In Cuba last month, Agriculture Secretary Tom Vilsack announced that the USDA will allow 22 industry-funded Research and Promotion Programs and 18 Marketing Order organizations to conduct research and information exchange activities with Cuba. The groups will engage in cooperative research with Cuba about agricultural productivity, food security and natural resource management. The USDA’s 22 industry-funded research and promotion programs and 18 marketing orders cover a variety of fruits and vegetables, including Florida citrus, Idaho potatoes, Vidalia onions, Florida tomatoes, Oregon-Washington pears and California plums.

In a press release, Secretary Vilsack called the announcement “a significant step forward in strengthening our bond and broadening agricultural trade between the United States and Cuba.”  Vilsack further noted, “The agreements we reached with our Cuban counterparts on this historic trip, and the ability for our agriculture sector leaders to communicate with Cuban businesses, will help U.S. agricultural interests better understand the Cuban market, while also providing the Cuban people with science-based information as they grow their own agriculture sector.”

Per, some agriculture organizations greeted Vilsack’s announcement with optimism. American Farm Bureau Federation President Zippy Duvall said, “American-grown foods hold a clear competitive advantage in the Cuban marketplace, and the use of farmer- and rancher-generated funds to promote and market U.S. farm goods fits the checkoff mission perfectly. This announcement by USDA represents a major boost in growing the Cuban market that sits just 90 miles off our coast.”

However, there is also some concern about Cuba’s potential threat to US growers. Mike Stuart, president of the Florida Fruit & Vegetable Association stated, “We continue to be believe that Cuba will always present, for Florida at least, much more a threat than an opportunity.” Possible threats include competitive supplies and new pests and diseases. Stuart believes grains represent the best opportunity for ag exports to Cuba.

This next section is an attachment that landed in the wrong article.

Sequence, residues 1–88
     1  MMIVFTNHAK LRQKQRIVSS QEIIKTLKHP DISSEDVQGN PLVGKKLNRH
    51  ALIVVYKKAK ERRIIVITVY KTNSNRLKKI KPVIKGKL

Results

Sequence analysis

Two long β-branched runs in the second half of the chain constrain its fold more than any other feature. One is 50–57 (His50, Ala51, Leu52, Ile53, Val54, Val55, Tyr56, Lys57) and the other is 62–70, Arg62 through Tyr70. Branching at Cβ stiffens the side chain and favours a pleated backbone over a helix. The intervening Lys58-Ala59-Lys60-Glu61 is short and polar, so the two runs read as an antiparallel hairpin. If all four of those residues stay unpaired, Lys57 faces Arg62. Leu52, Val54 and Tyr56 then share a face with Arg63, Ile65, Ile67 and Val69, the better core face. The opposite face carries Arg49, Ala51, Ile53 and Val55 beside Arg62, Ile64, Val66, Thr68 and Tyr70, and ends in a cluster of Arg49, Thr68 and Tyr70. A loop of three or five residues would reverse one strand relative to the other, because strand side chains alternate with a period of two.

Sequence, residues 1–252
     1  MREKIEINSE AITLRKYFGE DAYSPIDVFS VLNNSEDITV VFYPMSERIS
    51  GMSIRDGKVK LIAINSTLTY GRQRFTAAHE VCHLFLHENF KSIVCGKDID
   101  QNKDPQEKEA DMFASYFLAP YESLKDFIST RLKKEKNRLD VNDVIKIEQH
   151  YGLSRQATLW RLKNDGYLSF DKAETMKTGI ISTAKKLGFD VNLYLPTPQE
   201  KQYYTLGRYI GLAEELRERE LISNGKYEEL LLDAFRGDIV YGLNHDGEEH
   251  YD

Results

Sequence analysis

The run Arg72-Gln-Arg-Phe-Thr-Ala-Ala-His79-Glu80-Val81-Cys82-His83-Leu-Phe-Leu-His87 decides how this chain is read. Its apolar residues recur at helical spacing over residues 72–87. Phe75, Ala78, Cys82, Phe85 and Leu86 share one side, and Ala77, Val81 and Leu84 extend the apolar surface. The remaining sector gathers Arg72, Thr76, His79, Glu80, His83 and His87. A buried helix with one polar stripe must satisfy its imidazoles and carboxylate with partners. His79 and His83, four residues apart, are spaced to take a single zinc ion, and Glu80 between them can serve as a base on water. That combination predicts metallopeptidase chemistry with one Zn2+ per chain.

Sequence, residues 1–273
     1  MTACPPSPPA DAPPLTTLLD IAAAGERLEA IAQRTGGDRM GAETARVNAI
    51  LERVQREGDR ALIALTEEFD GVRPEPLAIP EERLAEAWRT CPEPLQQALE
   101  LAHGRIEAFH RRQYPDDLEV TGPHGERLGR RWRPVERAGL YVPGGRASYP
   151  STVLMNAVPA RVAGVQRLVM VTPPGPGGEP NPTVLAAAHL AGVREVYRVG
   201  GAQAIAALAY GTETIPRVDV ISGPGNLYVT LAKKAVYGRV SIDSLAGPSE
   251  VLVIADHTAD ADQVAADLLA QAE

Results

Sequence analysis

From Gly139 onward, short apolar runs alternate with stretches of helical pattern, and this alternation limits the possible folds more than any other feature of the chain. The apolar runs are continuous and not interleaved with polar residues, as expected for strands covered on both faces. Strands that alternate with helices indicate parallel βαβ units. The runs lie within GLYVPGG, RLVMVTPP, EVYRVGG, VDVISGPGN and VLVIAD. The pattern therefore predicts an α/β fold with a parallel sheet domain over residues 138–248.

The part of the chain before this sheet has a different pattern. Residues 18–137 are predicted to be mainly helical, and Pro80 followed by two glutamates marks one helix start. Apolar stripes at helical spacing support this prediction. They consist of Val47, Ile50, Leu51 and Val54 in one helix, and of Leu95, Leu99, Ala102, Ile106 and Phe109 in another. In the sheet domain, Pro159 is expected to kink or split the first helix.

Still others encourage a cautious approach to agricultural trade with Cuba. At, Miguel Altieri, a professor of Agroecology at the University of California at Berkeley, contends US trade may harm Cuba’s sustainable agriculture. Agroecology encourages local production by small-scale farmers, using sustainable strategies and combining Western knowledge with traditional expertise. According to Altieri, it developed in the late 1970s in Latin America as a reaction to modern industrial agriculture and modern Cuban farming now exemplifies ecological agriculture. He warns that if relations with U.S. agribusiness companies are not well-managed, Cuba could revert to an industrial approach that relies on mechanization at the expense of Cuban small farmers.

Agricultural trade with Cuba will be the focus of Arkansas Secretary of Agriculture Wes Ward’s keynote address at the Third Annual Mid-South Agricultural and Environmental Law Conference. The conference will be held Friday, April 22 in Memphis, TN, at the University of Memphis Cecil C. Humphreys School of Law. Registration information is available here.